The role of the environment in allergic disease has become the subject of increasing attention in the field of allergic disease management because its key role in the development of allergic disease suggests that it could be manipulated by preventive or therapeutic strategies. Air pollution resulting from industrialization, rapid urbanization, and the rising use of automobiles is of particular interest because the recent increases in allergic disease prevalence are largely attributed to these environmental changes. It is believed that air pollution may alter immune-programming via epigenetic mechanisms, especially in the prenatal and perinatal periods. Both outdoor and indoor air pollution are of interest. However, indoor pollution may have a greater influence on allergic-disease susceptibility because infants and young children spend most of their time indoors. In addition, indoor air pollutant concentrations can be 2 to 5 fold higher than outdoor levels. For this reason, the indoor and outdoor pollution exposure of the children will be measured at various ages in the COCOA study.
Diet is arguably one of the most important environmental exposures in early life. The immune system is a extremely dynamic and metabolically active network that depends on dietary nutrients and its functions are highly sensitive to dietary changes . Thus, dietary change is a logical candidate as a culprit responsible for the rise in allergic diseases. Supporting this is that the modern increase of caloric intake and dietary fat in the “Western diet” correlates with rises in prevalence of both metabolic and immune-mediated diseases . By contrast, the Mediterranean diet associates with protection from childhood asthma and wheeze . The protective elements within these diets are likely to include selenium, zinc, folate, vitamin E, and other antioxidants. However, specific supplementation with these molecules has had inconsistent and even paradoxical effects . These inconsistencies may relate to complex interactions between specific nutrients and additional interactions with other modern environmental changes such as the human microbiome, stress, and air pollution. To identify these interactions, the COCOA study examines the maternal diet during pregnancy and the child’s diet at various ages.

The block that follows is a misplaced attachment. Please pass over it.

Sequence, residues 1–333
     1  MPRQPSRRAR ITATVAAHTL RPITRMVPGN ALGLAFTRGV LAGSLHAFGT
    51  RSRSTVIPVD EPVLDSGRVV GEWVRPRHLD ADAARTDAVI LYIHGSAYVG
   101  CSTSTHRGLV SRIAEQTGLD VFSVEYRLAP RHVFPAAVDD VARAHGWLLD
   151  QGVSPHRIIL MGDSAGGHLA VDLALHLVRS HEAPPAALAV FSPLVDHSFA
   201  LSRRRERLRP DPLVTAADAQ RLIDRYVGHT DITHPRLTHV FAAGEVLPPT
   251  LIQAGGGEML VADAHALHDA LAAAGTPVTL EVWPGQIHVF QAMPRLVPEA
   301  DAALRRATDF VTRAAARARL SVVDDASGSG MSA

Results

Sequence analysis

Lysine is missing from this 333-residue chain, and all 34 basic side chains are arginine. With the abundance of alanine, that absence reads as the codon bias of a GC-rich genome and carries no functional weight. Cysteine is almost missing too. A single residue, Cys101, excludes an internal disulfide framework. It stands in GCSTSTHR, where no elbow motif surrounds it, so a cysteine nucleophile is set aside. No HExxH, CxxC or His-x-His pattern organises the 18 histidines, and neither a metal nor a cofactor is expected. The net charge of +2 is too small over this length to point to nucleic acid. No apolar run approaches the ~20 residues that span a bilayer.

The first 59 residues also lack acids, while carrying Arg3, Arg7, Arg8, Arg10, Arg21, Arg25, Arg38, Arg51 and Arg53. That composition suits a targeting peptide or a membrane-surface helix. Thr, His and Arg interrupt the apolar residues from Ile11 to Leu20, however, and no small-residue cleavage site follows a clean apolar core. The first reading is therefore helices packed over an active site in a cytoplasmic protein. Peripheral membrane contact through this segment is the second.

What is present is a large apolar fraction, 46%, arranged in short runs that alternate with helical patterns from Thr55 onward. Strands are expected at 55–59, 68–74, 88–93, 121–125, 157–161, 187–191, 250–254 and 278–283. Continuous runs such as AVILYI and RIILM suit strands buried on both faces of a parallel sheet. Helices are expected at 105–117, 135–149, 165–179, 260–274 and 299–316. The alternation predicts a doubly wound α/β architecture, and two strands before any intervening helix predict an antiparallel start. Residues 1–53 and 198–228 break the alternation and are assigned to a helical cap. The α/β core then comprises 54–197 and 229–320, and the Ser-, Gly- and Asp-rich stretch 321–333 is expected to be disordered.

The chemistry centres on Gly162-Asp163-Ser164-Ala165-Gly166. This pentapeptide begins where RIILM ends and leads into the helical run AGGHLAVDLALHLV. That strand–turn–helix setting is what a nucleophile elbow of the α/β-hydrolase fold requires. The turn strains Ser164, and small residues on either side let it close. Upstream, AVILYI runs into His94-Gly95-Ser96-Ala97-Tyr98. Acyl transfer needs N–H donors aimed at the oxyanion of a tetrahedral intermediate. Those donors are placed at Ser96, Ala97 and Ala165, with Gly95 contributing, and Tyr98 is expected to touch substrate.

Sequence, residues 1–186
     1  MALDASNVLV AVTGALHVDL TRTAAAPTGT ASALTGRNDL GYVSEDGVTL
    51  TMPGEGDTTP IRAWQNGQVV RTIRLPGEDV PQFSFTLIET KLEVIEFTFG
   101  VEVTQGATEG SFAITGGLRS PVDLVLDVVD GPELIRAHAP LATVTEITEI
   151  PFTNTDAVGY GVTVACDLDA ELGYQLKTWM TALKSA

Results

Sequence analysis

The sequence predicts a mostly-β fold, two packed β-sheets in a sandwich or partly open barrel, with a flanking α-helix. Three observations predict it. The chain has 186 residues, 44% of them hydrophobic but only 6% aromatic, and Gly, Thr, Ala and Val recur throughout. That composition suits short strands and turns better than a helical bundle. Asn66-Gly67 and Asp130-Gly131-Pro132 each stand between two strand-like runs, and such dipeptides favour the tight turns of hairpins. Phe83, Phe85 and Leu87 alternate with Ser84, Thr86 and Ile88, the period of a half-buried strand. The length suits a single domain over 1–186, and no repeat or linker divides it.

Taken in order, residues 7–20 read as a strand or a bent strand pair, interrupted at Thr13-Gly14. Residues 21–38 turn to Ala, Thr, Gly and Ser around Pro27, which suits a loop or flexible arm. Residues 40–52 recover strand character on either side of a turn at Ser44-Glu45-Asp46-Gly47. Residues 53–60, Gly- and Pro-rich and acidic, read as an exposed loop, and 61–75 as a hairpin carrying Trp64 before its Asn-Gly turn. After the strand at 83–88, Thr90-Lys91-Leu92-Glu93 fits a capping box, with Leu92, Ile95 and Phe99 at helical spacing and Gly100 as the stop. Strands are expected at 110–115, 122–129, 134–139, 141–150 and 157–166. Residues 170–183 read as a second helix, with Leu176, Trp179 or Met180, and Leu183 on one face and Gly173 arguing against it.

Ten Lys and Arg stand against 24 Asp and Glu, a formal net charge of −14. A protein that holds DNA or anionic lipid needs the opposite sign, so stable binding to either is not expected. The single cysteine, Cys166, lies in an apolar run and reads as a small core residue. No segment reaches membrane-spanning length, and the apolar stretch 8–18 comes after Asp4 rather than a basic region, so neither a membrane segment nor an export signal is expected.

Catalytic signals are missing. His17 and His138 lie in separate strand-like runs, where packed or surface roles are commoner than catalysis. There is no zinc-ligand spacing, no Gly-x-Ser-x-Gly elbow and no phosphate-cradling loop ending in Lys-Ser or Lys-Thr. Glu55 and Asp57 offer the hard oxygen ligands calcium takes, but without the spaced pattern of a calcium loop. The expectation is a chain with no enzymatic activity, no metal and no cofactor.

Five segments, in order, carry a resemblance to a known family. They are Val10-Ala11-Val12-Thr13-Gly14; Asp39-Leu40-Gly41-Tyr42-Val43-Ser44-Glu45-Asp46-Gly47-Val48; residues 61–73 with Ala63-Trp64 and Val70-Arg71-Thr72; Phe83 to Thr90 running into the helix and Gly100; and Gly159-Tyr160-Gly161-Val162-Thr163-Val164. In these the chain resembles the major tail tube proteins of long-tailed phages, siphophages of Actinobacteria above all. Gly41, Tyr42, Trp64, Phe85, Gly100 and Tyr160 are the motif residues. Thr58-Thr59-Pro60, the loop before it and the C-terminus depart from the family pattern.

The “microflora hypothesis” proposes that, rather than specifically limiting infection, the hygienic western lifestyle limits general microbial exposure and thereby alters the colonization of the human gut, which in turn disrupts the appropriate development of immune systems and ultimately promotes the development of allergic diseases [14, 15, 20–23]. Infancy and early childhood have been identified as important periods for the development of gut microbiota and allergic diseases, respectively . The emerging understanding of the importance of microbial contact during the vulnerable periods of fetal life, delivery, and infancy for healthy immune and metabolic programming creates new opportunities to improve infant health and reduce the risk of disease in later life. However, the underlying mechanism, the cause-effect relationship, and particularly the identification of helpful individual microbes and microbial compounds remain to be established and discovered. The hypothesis in the COCOA study is that microbial composition in early life is an important risk factor for allergic diseases in later life. To prove this, we will sample the fecal and skin microbiomes of the children at various ages and will seek to identify the factors that alter the microbial composition and function. The effect of changes in the microbiome on the metabolomics of the child will also be assessed.
Maternal psychosocial stress and the child’s neurodevelopment
Psychological distress and allergic diseases show high comorbidity . Moreover, there is evidence that psychological distress and allergic diseases have a bidirectional relationship [26, 27]. A recent study showed that prenatal maternal distress promoted the development of allergic disease in the offspring . However, the underlying mechanisms and a cause and effect relationship have not been elucidated, although there is some evidence that the underlying mechanisms may involve the hypothalamic-pituitary-adrenal axis .
In the COCOA study, to assess the interactive relationship between psychological distress and allergic diseases, the mother will be assessed for prepartum and postpartum depression and anxiety. The relationship between this stress and the development of allergic disease in the offspring will then be assessed. Furthermore, the child’s development and temperament and the presence of behavioral and psychological problems will be measured at various ages to determine whether it is influenced by maternal psychosocial stress and promotes the development of allergic disease. Whether the child’s neurodevelopment independently affects allergic disease susceptibility will also be tested. Thus, the COCOA birth-cohort study will comprehensively analyze the interactions between numerous factors within a genetically homogeneous ethnic population. COCOA will then be compared to other birth cohort studies in different ethnic populations with similar environments to further improve our understanding of the gene-environmental interactions in early life that promote or suppress the development of allergic diseases in later life. Ultimately, we expect that these investigations will provide better global strategies for the prevention and treatment of allergic diseases.